Flexible Office Space Poised for Growth, but Facing Challenges

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The market for flexible office space in the United States has room to grow after being pared down during the coronavirus pandemic, but it still faces a tough road ahead, according to a report from CBRE.

During the pandemic, 144 flexible office providers across the U.S. cut their footprints by a whopping 12.2 million square feet over 669 properties — with the biggest losses in Manhattan, San Francisco and Los Angeles, according to CBRE. But tenants are starting to have more need for flexible office space as they adapt to a new normal of hybrid work.

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“Flexible office space is really becoming an important amenity that many tenants are asking of their landlords when they engage in a building,” Julie Whelan, CBRE’s global head of occupier research, said during a press conference on Monday. 

Occupiers are growing the amount of flexible office space they have in their portfolio. While flexible workspaces only represent 10 percent or less of 76 percent of office tenants’ total footprints, half of those occupiers surveyed by CBRE expected to increase that percentage in the next two years, according to the report. Having the option of a shorter-term lease is enticing to businesses still reeling from the pandemic, Whelan said.

“This demand is not expected to fade; occupiers have desired flexibility since the first long-term lease was signed,” Whelan said in a statement to Commercial Observer. “And now, the era of flexibility is giving them more options than they’ve ever had. Once occupiers learn how to implement agile strategies to truly create a nimbler portfolio, they will not want to trade their newfound flexibility.”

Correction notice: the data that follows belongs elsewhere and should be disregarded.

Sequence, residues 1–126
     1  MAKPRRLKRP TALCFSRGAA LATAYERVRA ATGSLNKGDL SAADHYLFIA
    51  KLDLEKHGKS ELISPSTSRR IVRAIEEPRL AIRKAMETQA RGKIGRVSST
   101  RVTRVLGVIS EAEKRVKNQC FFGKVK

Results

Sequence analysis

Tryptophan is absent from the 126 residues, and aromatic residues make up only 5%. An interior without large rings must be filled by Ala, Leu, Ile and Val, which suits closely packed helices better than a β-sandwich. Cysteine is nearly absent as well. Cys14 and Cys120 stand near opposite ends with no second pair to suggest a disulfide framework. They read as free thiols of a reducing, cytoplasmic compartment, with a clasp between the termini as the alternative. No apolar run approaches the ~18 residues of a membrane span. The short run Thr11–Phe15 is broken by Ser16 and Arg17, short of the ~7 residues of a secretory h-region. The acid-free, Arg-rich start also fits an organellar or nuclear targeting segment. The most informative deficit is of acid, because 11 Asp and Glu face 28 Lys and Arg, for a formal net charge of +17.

That demand is showing up for companies like WeWork and IWG. Those two firms — which represent more than half of the flexible office supply in the United States, accounted for 48 percent of the square footage lost since mid-2020 — have started to attract new customers, with IWG signing more than 2 million new users and WeWork growing its membership by 24 percent in 2021, according to CBRE. Another coworking company, Industrious, saw desk sales increase 150 percent in the third quarter of 2021 compared to 2019.

A recovery for the sector, however, is not without its challenges, Whelan said. Tenants don’t have a lot of experience using flexible office space, making it a big shift for those accustomed to the traditional office. Plus, some flexible office spaces don’t provide the kind of privacy that some companies need, Whelan added. 

But because of the huge upheaval the pandemic presented, the market can only get better, Whelan said. 

“Though the flex market has been challenged, it also has proven resilient,” Whelan said in a statement. “As we emerge from the upheaval of the last two years, we are certain that the demand for flexible office space is strong and that the end user is becoming more sophisticated. There is nowhere to go but up from here, especially now that providers rightsized their portfolios where necessary during the depths of the pandemic.”

Celia Young can be reached at cyoung@commercialobserver.com.